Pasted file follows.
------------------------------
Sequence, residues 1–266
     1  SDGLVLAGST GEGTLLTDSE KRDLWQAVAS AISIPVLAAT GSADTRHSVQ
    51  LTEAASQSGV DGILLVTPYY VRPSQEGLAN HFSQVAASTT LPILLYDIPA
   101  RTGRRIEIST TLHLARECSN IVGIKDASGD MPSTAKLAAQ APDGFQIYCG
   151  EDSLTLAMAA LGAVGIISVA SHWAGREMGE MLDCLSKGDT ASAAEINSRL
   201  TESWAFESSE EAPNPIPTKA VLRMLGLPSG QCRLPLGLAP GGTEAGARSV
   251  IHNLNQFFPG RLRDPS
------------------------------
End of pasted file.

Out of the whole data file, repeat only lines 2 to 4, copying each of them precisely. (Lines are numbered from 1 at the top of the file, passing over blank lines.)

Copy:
     1  SDGLVLAGST GEGTLLTDSE KRDLWQAVAS AISIPVLAAT GSADTRHSVQ
    51  LTEAASQSGV DGILLVTPYY VRPSQEGLAN HFSQVAASTT LPILLYDIPA
   101  RTGRRIEIST TLHLARECSN IVGIKDASGD MPSTAKLAAQ APDGFQIYCG